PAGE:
Avoiding Negative Alpha

By John West

OCTOBER 2007 Read Time: 10 min

Confronted with the prospect of low returns in the years ahead, investors of all kinds are looking for ways to earn additional returns. Eliminating unnecessary slippage, or negative alpha, may be the most effective way of garnering incremental returns.

Today, no matter how fuzzy the arithmetic, it is difficult to justify long-term returns from conventional stock and bond balanced portfolios exceeding 5–7%. Many investors, with spending plans that require 8–9% returns, hope such seemingly bleak expectations prove off the mark. But hope is not a strategy.

Noting the gap between expected and required returns, many investors increasingly turn to “alpha” (value added from investor skill) as the elixir to cure their long-term ailment. Few people, however, bother to discuss the fact that alpha is a zero-sum game, with an average alpha of zero, less the costs associated with the quest for alpha. This means that most alpha is negative!

Interestingly, very few of today’s market participants are focusing as aggressively on eliminating negative alpha, also known as implementation shortfall. Seeking, identifying, and eliminating negative alpha is as profitable (and infinitely easier) than seeking, identifying, and employing sources of positive alpha. Failing to rebalance, chasing winners, and cap-weighting are three sources of negative alpha that can be eliminated relatively easily.

Failure to rebalance. Buying low and selling high—through rebalancing—is a perennially underrated investment choice. Neglecting this simple exercise is an almost universal source of negative alpha, especially when we take account of risk. The strong tendency of the capital markets to mean revert translates to incremental profits for those willing to sell their long-term winners and buy their long-term losers. Our research suggests a disciplined rebalancing policy adds about 0.5% percent to risk-adjusted returns for a well-diversified portfolio.

Chasing winners. Chasing the latest investment craze is incredibly easy as we are bombarded with success stories at every turn—the neighbor who got in on the hot IPO, our brother-in-law with his 30% hedge fund return last year, and the advertising campaigns of the top mutual fund companies proclaiming their latest star performers. Collectively, these stimuli lure us like a siren’s song to chase the latest winners. In the case of funds, the investment is often then sold at the bottom of its performance cycle after it has become a “proven” loser. Inevitably, it is replaced with the next “hot manager.” Of course, these replacement firms’ performance is near high tide and begins to recede not long after retention. This practice is the equivalent of selling low and buying high and its damage to investor wealth is devastating. 

Consider a 2005 study by Russel Kinnel of Morningstar that dramatically illustrates the consequences of chasing winners.1 In 17 equity mutual fund categories, the average dollar-weighted returns (return to the investors) were compared with time-weighted returns (return to the fund) over the previous 10 years. Kinnel found every single category’s dollar return trailed its time-weighted return with the average slippage amounting to 2.8% annually—a damning indictment of investors’ tendency to chase recent performance.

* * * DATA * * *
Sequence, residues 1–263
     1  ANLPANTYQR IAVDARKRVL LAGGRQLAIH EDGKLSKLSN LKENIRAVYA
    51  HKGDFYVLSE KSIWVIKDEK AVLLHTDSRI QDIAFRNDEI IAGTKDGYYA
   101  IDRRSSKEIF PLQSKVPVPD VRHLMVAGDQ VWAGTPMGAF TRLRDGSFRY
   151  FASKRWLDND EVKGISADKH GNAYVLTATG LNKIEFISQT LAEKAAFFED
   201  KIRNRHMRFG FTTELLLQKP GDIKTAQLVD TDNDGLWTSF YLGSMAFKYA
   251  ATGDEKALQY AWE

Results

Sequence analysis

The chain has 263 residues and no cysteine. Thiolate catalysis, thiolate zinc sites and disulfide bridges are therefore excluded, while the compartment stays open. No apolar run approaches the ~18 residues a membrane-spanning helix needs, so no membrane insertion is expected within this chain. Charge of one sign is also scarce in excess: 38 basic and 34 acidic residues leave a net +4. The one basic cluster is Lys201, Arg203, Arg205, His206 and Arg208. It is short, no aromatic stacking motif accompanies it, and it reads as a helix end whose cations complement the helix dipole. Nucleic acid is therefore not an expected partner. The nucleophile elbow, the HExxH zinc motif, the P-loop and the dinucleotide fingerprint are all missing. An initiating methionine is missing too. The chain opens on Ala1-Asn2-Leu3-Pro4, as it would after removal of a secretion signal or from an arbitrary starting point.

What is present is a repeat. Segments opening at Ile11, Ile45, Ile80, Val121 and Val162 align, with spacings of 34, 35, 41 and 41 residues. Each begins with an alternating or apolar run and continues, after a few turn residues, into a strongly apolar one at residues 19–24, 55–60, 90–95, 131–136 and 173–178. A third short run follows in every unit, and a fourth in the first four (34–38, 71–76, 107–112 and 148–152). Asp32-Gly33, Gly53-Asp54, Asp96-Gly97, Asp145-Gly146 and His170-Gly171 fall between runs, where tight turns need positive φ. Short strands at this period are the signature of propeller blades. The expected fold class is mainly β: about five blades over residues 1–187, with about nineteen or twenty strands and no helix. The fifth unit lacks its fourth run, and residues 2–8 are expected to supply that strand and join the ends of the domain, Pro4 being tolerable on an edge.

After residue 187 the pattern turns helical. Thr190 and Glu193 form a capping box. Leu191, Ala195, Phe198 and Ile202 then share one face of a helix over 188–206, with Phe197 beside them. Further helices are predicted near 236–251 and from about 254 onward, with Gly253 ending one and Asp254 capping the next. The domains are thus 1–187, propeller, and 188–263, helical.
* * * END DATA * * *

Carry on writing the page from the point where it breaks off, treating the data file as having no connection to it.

Cap-weighting index funds. Virtually all traditional indexes and their associated index funds and ETFs use market capitalization to determine security weights. Those shares priced above their eventual intrinsic value (think AOL in 1999) will have an erroneously high capitalization and, therefore, a high index weighting. Thus, overpriced stocks will always be overweight in this construct. An index fund weighted by price will have the majority of its assets in these stocks—all of which subsequently underperform causing a return drag. Our research shows the slippage attributed to cap weighting is 2–3% annually.

Most wealth advisors are well aware of the first two sources of implementation shortfall, or slippage; thinking of slippage from cap-weighting is a relatively new concept. Our cure to cap-weighting slippage, the Fundamental Index® concept, interestingly derives much of its advantage from the fact that traditional indexes are vulnerable to the first two sources of negative alpha: they don’t rebalance when stocks advance well ahead of—or retreat far below—their fundamentals, and they chase winners by adding stocks to the portfolio after they’ve been on a roll and dropping them after they’ve faltered badly.

Why emphasize rebalancing and avoiding chasing winners to managers, and then turn around and invest in an index fund that largely ignores them in the equity market?

Meanwhile, the Fundamental Index concept avoids return-chasing behavior and practices rebalancing. The annual rebalance ensures discipline and, unlike traditional cap-weighted indexes, forces the portfolio to buy low and sell high. Outperformers are rebalanced back to their economic size with the proceeds invested in shares that have recently fared poorly. As most enterprises’ share prices loosely follow their economic scale, annual turnover remains very low—almost as low as with capitalization-weighting. All of this is accomplished in a formulaic and easily replicated manner.

This issue of RAFI Fundamentals uses excerpts from John Mauldin's Thoughts from the Frontline entitled “Hope is Not a Strategy” written by Rob Arnott and John West. Copyrighted material is used with permission from John Mauldin.

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1. “Mind the Gap: How Good Funds Can Yield Bad Results,” Morningstar Fund Investor, July 2005.